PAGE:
Rep. Elise Stefanik: ‘I’m in The Top 10% of The Most Bipartisan Members of Congress’

By CNSNews.com Staff | May 10, 2021 | 12:14pm EDT
(Photo courtesy of Committee on Arrangements for the 2020 Republican National Convention via Getty Images)
(Photo courtesy of Committee on Arrangements for the 2020 Republican National Convention via Getty Images)

(CNSNews.com) - Rep. Elise Stefanik, who House Republican leaders are now promoting to replace Rep. Liz Cheney as chair of the House Republican Conference, boasted on “CBS This Morning” in 2018 that she was among the 10 percent of House members who were most bipartisan in their voting.

“I’m in the top 10 percent of the most bipartisan members of Congress,” Stefanik said in response to a question from host Gayle King.

Stefanik then stated that women in Congress are more bipartisan then men.

“It’s great to see women running on both sides of the aisle. We’re more bipartisan,” she said.

“If you look at our voting records and the bills that we introduce, women tend to be more bipartisan than our male colleagues,” she said.

At that time, Stefanik was the recruitment chair for the National Republican Congressional Committee. In that role, she was responsible for recruiting candidates to run for the House.

She told CBS in 2018 that she thought the Republicans needed to recruit what she called “non-traditional candidates.”

“So, this job as chair of recruitment, I am the first woman to hold this position, and it was a job that I sought out,” Stefanik said. “I think we need to encourage non-traditional candidates to run for office, which is why I focus specifically on recruiting women, on recruiting Hispanic candidates, on recruiting African Americans.        

“In my experience, I was not recruited to run for Congress, so I understand that we needed to think more broadly,” said Stefanik. “And I also think that non-traditional candidates in this political climate are the most effective members of Congress and the most effective candidates, particularly in swing districts. So, this is a positive news story. “It’s great to see women running on both sides of the aisle. We’re more bipartisan,” said Stefanik. “And we need to increase our numbers in Congress to be more reflective of the population at-large.”

King then asked Stefanik: “Women are more bipartisan, you say?”

“Absolutely,” said Stefanik.

“So, I’m in the top 10 percent of the most bipartisan members of Congress,” she said. “That’s something I’m proud of. That’s something that I ran on. And if you look at our voting records and the bills that we introduce, women tend to be more bipartisan than our male colleagues.”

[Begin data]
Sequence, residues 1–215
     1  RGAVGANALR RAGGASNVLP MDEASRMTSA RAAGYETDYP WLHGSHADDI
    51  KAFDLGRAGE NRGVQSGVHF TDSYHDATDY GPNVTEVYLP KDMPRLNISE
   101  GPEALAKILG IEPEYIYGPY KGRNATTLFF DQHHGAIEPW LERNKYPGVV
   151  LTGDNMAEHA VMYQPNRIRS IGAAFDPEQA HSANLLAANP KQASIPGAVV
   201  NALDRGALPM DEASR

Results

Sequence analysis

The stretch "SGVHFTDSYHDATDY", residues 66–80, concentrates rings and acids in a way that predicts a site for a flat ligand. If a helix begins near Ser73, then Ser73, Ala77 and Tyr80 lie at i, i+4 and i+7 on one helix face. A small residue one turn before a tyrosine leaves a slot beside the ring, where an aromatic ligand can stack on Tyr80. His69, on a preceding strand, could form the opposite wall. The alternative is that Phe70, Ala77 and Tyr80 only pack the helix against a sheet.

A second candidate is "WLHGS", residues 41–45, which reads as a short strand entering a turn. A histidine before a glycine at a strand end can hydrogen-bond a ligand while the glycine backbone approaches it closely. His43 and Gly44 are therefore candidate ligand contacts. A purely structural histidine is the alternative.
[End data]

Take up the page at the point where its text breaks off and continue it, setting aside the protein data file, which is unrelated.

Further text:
House Minority Leader Kevin McCarthy (R.-Calif.), House Minority Whip Steve Scalise (R.-La.), and former President Donald Trump are all supporting Stefanik to replace Rep. Liz Cheney as chair of the House Republican Conference.

Here is a transcript of the part of Stefanik’s June 25, 2018 interview on “CBS This Morning” where she said she was among the 10 percent in the House who were most bipartisan:

Rep. Elise Stefanik (R.-N.Y.): “So, this job as chair of recruitment, I am the first woman to hold this position, and it was a job that I sought out. I think we need to encourage non-traditional candidates to run for office, which is why I focus specifically on recruiting women, on recruiting Hispanic candidates, on recruiting African Americans.        

“In my experience, I was not recruited to run for Congress, so I understand that we needed to think more broadly. And I also think that non-traditional candidates in this political climate are the most effective members of Congress and the most effective candidates, particularly in swing districts. So, this is a positive news story.

“It’s great to see women running on both sides of the aisle. We’re more bipartisan. And we need to increase our numbers in Congress to be more reflective of the population at-large.”

Gayle King: “Women are more bipartisan, you say?

Stefanik: “Absolutely. So, I’m in the top 10 percent of the most bipartisan members of Congress. That’s something I’m proud of. That’s something that I ran on. And if you look at our voting records and the bills that we introduce, women tend to be more bipartisan than our male colleagues.”

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